Bankruptcy Can Spoil Your Estate Plan if You Deed Property to Children

As estate planning lawyers in Palm Springs, we frequently get asked by clients to prepare deeds transferring property to children. As we have previously discussed, using deeds as an estate plan is very risky and not recommended. A recent bankruptcy ruling in Oklahoma highlights this problem:

Whether for carpentry or estate planning, it is usually a good idea to use the right tool for
the job. Unfortunately, when it comes to estate planning and asset transfer, people are
often ill-informed about the tools available to them and the perils of choosing the wrong
one. If a parent wants to gift an asset to a child only upon the parent’s death or
incapacity, state law provides tools to accomplish that end. Unfortunately, use of the
wrong tool could unwittingly result in a present transfer and the unintended loss of the
In re Harrison (2013 WL 6859303)

A simple grant deed placing your child’s name on your house as joint tenants seems innocent enough. This will allow the property to transfer to your son or daughter upon your death without the need for probate. However, the consequences of this transfer are numerous. Technically, the transfer is treated as a gift for federal gift tax purposes. If the value of the property you are transferring is more than the annual exclusion amount, you will be required to file a gift tax return.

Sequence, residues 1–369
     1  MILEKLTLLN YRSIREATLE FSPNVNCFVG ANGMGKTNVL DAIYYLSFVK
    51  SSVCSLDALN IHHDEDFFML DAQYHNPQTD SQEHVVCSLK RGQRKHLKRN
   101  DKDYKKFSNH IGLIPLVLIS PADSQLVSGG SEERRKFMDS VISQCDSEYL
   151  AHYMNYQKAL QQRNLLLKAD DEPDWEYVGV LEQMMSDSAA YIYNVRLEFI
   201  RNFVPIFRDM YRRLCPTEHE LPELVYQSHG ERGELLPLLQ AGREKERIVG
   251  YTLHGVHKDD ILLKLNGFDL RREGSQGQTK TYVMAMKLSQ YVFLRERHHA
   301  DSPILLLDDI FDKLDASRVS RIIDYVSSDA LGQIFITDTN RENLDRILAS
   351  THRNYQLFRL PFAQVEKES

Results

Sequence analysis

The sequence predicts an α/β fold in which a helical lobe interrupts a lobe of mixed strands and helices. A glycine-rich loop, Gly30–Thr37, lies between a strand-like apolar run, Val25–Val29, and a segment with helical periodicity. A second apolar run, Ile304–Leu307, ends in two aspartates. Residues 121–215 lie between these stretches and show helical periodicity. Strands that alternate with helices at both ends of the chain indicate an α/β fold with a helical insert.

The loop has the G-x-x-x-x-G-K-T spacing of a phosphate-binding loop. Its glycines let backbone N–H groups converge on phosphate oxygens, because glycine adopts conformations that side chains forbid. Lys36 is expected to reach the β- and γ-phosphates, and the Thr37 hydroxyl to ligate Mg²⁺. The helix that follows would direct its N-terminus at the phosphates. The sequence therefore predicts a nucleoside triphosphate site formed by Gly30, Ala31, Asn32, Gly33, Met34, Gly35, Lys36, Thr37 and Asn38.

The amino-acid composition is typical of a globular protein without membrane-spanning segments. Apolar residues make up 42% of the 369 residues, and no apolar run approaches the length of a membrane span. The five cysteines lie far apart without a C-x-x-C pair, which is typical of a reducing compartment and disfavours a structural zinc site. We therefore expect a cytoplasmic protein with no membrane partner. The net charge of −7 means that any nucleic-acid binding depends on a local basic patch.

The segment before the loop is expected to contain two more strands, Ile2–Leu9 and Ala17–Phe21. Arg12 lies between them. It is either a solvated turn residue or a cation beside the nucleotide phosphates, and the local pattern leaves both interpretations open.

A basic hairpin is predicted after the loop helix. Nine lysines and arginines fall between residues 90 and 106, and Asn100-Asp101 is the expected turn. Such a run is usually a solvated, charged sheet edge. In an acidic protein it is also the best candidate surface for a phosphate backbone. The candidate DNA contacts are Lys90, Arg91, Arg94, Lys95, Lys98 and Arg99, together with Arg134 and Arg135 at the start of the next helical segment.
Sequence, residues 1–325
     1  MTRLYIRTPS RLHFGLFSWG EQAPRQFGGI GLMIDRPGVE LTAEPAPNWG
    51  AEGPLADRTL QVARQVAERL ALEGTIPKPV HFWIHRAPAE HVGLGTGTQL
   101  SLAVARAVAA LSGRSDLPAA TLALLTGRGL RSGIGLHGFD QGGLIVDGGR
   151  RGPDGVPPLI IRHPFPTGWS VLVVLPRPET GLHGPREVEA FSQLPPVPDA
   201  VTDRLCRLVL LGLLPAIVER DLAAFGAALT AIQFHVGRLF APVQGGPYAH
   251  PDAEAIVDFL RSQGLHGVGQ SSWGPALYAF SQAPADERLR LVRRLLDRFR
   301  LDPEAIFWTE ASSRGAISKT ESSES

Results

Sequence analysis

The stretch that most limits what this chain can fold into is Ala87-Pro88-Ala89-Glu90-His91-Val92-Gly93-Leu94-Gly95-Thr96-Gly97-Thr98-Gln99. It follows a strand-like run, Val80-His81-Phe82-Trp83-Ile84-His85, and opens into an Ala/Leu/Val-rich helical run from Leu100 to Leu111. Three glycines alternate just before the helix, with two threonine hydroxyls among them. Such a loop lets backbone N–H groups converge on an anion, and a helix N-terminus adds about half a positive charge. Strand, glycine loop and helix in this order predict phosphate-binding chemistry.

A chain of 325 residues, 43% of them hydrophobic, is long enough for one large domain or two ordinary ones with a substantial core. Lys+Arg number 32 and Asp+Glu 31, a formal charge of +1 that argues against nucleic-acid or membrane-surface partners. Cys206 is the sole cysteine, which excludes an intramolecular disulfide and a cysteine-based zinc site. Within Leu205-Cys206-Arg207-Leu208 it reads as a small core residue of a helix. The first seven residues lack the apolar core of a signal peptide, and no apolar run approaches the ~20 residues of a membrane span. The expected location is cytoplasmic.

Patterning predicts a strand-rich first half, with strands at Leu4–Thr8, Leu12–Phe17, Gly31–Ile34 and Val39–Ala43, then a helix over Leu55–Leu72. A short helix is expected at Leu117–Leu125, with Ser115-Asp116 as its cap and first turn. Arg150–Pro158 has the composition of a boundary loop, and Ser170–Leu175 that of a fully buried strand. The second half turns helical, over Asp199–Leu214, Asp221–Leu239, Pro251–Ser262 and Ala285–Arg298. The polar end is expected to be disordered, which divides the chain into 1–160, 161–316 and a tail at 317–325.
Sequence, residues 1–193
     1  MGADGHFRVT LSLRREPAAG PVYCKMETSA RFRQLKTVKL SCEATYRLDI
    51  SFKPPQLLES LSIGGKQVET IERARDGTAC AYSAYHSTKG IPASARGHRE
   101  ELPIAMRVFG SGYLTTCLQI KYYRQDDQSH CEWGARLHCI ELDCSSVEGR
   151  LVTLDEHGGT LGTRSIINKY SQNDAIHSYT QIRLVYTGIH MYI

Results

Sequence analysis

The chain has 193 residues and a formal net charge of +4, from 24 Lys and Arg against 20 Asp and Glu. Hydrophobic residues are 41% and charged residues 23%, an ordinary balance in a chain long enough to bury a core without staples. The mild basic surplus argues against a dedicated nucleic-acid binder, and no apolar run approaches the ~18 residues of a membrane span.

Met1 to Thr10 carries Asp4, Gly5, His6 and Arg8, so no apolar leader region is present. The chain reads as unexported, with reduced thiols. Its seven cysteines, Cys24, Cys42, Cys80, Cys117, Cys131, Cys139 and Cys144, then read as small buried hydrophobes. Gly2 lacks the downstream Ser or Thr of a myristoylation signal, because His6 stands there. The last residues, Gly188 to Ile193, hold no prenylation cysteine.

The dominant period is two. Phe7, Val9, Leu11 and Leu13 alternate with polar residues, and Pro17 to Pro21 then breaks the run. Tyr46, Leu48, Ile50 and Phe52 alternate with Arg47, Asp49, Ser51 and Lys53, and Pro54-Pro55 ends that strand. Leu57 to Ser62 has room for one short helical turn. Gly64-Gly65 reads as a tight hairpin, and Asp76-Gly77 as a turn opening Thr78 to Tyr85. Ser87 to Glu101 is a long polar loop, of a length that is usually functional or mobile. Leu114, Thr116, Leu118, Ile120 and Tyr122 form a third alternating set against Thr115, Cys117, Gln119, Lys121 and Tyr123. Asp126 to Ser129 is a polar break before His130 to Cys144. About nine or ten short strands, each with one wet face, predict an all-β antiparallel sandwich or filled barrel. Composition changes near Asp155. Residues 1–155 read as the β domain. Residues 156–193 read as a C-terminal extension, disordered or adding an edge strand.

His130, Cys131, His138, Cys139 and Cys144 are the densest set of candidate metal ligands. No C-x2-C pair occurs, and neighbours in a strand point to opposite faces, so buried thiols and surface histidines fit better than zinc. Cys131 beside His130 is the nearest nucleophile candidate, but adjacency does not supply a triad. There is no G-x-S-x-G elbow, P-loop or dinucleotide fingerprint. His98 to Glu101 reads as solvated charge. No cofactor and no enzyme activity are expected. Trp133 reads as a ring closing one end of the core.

More importantly, that child is now an owner of the property with all the rights and obligations that comes with property ownership. If you want to sell the property you will need their written consent. You will not as easily obtain a mortgage on the property with a child co-owner. If the child has any debts or financial obligations the property may be used to satisfy those debts. If the child files for bankruptcy protection, then the property may be in jeopardy as indicated in the case above.

Preparing and validly executing a Will or Trust are much more appropriate means of estate planning. These instruments do not require the consent of any of your heirs, can be changed easily and will not place any of your assets in jeopardy.

State Bar of California
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